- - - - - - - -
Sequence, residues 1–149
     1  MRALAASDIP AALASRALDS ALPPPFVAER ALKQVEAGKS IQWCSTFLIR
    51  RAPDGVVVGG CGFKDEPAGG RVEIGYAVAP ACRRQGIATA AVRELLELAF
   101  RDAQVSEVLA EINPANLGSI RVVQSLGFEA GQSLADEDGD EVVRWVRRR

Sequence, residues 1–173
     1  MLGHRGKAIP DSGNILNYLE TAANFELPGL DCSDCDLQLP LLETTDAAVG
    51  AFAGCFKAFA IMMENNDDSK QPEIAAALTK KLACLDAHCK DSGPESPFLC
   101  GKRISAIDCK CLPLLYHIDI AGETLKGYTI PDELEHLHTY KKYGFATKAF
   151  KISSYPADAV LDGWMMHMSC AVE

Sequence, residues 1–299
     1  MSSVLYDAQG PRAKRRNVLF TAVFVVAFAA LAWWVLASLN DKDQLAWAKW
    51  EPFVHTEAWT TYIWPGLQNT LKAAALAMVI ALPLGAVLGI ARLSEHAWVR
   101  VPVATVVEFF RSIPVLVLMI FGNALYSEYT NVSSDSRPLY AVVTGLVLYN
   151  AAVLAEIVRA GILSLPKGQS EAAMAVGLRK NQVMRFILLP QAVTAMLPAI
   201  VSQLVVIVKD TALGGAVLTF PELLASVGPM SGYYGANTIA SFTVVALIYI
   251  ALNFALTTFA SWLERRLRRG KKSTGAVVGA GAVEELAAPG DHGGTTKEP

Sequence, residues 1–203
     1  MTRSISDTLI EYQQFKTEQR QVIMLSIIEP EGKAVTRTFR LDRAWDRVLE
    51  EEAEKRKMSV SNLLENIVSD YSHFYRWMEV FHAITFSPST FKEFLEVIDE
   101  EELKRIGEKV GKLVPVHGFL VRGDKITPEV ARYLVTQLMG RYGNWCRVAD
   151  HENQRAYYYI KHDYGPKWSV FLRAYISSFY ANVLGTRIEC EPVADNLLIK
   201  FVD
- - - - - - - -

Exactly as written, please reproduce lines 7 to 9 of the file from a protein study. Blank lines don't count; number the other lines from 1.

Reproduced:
    51  AFAGCFKAFA IMMENNDDSK QPEIAAALTK KLACLDAHCK DSGPESPFLC
   101  GKRISAIDCK CLPLLYHIDI AGETLKGYTI PDELEHLHTY KKYGFATKAF
   151  KISSYPADAV LDGWMMHMSC AVE